Just a few blocks down from City Hall in Dongcheon-dong is one of the lesser known historical gems in Gyeongju, the four-sided Buddha of Gulbulsa Temple (굴불사). The original Shilla era structures of Gulbulsa are long gone, but remaining is a striking four-sided Buddha, or samyeonseokbul (사면석불), chiseled out of a large boulder. In fact, it’s the legend behind this carved rock that gave the temple it’s curious moniker: Gulbulsa, or “Digging Buddha Temple.”
The legend of Gulbulsa goes like this: King Gyeongdeok (경덕왕), the 35th ruler of the Shilla Dynasty, was on his way to worship at Baengnyulsa Temple (배귤사) on Mt. Geumgangsan (금강산), when he heard the sound of a monk chanting in the forest. Intrigued, he followed the sound to it’s source and, oddly, it was coming from underneath the ground. He ordered his men to dig at the spot and, low and behold, they uncovered the statue of the four-sided Buddha fully formed! King Gyeongdeok built Gulbulsa Temple around this boulder in commemoration miracle.
Regardless of whether it sprung from the bowels of the earth, the four-sided Buddha of Gulbulsa is a beautiful example of Shilla sculpture. It probably dates to around the 8th century C.E., and just like the four-sided Buddha at Chilbulam (칠불암), it depicts the protectors of the four directions as described Hwaom (화 엄) or “Flower Garland” Sutra. Standing on the west side is of the rock is Amitaba (아미타불), the Buddha of the Western Paradise. He’s flanked on both sides by Guan Yin (관슴보살), the Bodhisattva of Mercy. Unfortunately, one of the Guan Yin statues lost her head during the Japanese occupation, as did a lot of people at the time.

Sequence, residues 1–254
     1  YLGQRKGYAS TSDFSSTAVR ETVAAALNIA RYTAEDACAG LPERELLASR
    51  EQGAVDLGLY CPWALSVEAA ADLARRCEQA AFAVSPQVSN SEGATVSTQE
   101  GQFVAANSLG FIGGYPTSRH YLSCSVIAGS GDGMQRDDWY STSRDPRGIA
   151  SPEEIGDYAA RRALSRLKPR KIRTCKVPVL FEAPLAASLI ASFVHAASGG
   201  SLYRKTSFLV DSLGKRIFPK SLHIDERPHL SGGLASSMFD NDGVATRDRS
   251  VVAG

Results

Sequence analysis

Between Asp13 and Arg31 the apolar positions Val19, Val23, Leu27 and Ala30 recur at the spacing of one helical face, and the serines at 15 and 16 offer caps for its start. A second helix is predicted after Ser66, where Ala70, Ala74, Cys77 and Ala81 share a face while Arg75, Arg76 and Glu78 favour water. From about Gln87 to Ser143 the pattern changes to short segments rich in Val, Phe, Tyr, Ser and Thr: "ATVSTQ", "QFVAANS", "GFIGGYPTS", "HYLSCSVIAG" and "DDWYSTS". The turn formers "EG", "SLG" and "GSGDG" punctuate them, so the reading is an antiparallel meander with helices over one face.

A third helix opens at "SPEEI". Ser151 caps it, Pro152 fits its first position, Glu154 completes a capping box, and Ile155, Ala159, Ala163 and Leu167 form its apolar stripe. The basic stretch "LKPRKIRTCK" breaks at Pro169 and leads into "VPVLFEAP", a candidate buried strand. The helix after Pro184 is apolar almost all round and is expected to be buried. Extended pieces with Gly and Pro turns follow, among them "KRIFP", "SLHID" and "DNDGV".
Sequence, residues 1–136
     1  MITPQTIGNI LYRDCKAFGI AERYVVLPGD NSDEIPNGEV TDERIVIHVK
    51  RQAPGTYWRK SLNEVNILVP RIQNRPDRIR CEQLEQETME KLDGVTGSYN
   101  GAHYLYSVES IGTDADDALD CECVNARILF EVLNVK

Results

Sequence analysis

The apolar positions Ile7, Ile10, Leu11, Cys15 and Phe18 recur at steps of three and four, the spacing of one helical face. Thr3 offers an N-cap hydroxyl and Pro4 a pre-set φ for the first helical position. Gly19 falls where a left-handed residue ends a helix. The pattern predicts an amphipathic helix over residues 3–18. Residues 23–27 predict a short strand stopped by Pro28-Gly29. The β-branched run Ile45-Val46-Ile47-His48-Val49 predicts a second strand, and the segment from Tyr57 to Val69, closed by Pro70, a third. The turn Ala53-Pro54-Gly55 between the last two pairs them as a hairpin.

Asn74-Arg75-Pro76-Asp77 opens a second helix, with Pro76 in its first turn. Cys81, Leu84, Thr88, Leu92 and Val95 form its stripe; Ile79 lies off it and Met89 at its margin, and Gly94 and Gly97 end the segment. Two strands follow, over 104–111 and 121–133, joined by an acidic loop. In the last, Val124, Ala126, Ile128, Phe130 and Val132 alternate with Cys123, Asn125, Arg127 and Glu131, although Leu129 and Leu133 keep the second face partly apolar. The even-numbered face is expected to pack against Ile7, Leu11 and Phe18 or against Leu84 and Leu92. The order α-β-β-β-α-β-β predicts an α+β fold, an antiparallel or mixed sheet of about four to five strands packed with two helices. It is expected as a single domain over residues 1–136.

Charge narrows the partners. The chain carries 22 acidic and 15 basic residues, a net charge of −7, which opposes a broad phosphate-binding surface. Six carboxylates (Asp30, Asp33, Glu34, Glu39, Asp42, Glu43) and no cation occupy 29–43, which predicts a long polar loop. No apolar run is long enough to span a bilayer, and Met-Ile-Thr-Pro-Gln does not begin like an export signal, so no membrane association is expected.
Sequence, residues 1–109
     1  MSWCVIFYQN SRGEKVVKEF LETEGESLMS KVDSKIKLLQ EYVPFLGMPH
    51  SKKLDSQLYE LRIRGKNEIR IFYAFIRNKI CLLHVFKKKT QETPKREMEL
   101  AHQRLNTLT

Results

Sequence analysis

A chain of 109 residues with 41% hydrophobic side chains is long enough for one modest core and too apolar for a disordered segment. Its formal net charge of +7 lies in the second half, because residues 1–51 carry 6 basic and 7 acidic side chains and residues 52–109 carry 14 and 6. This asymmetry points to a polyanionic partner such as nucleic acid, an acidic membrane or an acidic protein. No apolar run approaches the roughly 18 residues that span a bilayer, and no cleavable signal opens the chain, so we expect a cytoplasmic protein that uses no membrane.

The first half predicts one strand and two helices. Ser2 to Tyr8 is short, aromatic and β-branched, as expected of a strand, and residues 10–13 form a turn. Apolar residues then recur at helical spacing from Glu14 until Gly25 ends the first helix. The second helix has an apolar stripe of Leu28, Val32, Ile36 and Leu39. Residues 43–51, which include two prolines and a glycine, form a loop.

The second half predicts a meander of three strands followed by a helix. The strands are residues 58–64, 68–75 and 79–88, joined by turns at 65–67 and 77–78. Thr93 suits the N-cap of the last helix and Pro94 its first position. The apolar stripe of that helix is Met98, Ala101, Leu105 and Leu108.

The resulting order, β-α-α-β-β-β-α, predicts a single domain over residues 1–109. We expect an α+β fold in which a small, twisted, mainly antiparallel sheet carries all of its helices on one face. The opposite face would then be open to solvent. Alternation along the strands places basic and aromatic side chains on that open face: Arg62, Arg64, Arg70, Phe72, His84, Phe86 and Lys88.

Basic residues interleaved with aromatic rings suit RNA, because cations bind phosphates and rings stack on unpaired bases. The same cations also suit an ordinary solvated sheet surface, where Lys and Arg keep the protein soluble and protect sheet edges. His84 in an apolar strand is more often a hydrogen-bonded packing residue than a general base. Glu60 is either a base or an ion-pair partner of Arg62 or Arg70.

On the eastern side of the boulder, then is an a beautiful relief of Yaksa Yeorae (약사여래) or Medicine Buddha. Likewise, he seems to have lost his nose at one point. The exact perpetrator of this crime has been lost to history, though I have my suspicions. For the long time in Korea it was the practice of barren house wives, desperate to have a child, to steal the nose off a Buddha statue, grind it up and eat as medicine in hopes of becoming pregnant. Freud would probably have a field day analyzing this cultural practice ;->
Gulbulsa is just a stone’s throw off of the Pohang Industrial Road running along the side of Mt. Geumgang in Dongcheon-dong. If you stop by to check it out, don’t miss Baegyulsa Temple (배귤사), just a short ten minute hike up the stairs behind the Four-sided Buddha. Gulbulsa also makes a good starting point for hiking Mt. Geumgangsan (but more on that later).
View Mt. Geumgangsan, Gyeongju in a larger map